“History is written by the Victors”

You’ve no doubt heard that expression.  The final words of the story of Troy were written not by the Trojans themselves, but by Homer and the conquering Greeks.  That phrase haunts me, but I need to add to it:  “Or recounted by the survivors.”

As a student of organizational behavior, I find it fascinating that visionary leaders breeze in with new ideas, make Big Changes, and then move on, leaving the long anecdotal stories of that change to be told by those that remain.  Until they eventually retire, and the How We Got Here anecdotes are lost.

My time and craft have been all about the application of technology in organizations.  As an IT consultant, I had a front-row seat at some interesting events and some great examples of bad organizational behavior.  Being that I worked in higher ed IT at the inception of the Internet, I have a few interesting anecdotes that add some color to explain how we got from There to Here.  Sadly some will be about ways in which it was cooler back before ALL YOU PEOPLE (non Academics) got here.  I also had the good luck to be present during the Dot Com Boom in Seattle, which was life-changing in many ways.

If this works as a cloud-based set of articles I might do more with it eventually.  Right now it’s a first-pass to make a (hopefully) coherent narrative of my personal version of the history of technology, and maybe share some cautionary tales along the way.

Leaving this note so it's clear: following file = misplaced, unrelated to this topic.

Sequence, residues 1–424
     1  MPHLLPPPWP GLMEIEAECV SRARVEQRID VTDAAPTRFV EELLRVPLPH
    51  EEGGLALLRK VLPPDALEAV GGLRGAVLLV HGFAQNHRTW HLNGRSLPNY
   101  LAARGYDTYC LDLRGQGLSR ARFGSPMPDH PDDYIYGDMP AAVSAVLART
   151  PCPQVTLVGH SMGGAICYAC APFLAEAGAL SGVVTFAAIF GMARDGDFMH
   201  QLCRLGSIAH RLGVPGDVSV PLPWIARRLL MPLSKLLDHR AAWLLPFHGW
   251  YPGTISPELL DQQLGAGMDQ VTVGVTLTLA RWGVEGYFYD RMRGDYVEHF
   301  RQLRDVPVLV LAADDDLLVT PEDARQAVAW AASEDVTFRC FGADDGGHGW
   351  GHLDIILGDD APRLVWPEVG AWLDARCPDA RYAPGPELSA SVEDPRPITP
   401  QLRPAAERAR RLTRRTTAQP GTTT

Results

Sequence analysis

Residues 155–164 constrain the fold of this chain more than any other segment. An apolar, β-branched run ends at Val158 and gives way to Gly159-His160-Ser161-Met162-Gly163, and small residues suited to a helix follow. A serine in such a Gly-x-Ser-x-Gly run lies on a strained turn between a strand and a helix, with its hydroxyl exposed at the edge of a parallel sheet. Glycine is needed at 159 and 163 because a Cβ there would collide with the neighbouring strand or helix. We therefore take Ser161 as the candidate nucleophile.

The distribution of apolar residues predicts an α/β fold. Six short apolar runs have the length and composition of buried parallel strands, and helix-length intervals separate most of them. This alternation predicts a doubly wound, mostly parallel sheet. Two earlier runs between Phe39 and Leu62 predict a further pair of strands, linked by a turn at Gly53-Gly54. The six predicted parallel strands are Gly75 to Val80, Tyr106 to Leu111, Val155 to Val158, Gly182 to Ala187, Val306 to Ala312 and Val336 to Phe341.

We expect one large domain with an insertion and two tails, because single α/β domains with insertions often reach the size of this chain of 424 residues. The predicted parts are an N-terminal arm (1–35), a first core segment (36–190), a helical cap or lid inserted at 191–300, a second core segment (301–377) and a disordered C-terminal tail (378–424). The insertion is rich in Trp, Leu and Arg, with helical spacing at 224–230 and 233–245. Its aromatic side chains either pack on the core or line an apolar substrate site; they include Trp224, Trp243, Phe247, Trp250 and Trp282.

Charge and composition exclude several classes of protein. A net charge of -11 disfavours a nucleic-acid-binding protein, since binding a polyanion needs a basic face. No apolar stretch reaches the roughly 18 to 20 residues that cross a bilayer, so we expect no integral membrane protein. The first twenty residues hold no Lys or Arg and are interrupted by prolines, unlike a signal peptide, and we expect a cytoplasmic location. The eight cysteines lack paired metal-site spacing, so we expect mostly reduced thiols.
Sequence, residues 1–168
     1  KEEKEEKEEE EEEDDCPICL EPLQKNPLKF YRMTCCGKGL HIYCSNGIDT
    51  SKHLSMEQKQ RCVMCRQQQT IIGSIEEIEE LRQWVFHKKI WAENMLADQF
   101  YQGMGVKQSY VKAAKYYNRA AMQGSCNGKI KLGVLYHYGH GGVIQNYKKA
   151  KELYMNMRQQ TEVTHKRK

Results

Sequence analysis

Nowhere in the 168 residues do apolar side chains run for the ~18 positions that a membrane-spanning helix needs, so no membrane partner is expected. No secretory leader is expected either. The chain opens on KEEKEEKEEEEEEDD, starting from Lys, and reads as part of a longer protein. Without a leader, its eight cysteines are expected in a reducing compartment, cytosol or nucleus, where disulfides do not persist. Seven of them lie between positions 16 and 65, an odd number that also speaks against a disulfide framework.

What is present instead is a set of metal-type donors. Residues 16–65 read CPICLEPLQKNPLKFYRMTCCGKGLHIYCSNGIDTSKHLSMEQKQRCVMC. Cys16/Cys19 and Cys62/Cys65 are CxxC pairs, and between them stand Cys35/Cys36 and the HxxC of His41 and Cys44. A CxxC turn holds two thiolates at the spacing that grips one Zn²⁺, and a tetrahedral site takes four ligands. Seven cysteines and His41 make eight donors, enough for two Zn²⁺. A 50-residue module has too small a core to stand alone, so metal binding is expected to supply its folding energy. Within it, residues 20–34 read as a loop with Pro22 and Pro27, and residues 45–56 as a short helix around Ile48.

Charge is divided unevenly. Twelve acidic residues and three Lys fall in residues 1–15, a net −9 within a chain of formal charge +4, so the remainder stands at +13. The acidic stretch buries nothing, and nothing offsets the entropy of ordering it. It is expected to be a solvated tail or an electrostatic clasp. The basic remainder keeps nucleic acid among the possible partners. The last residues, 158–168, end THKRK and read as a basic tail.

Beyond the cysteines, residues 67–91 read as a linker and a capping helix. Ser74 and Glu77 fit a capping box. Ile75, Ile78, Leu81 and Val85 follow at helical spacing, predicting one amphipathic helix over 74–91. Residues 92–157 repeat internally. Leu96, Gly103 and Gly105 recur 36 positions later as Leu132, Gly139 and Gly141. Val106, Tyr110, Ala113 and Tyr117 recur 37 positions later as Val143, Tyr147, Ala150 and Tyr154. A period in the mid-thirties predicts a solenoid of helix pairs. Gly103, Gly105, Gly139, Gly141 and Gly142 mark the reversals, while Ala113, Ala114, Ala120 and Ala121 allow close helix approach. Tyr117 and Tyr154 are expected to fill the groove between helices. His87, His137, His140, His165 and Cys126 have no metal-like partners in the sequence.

My wife and I joke that we have always been the “family archivists” because we have a mostly dry basement and no compunction about storing boxes. I have backup tapes (still readable!) from 1995, and copies of the first few emails I sent over the Internet.  A trivial mind mixed with a tech hoarder.  Ouch.

Over the years, former colleagues have come to me occasionally to ask things like “You were there at those meetings — how did they arrive at that decision?”  Often I could call up the old files and email them things to explain the context.

I’ve said for years that every decision we make constrains us — limits our universe of possible future decisions and outcomes.  The contentious 2016 Presidential election season has made me aware all over again of how the decisions made in years past constrain us.  If I feel really ambitious, I might write a bit about that, too.

So read on — and maybe learn the context of why things are as they are…

January 30, 2016

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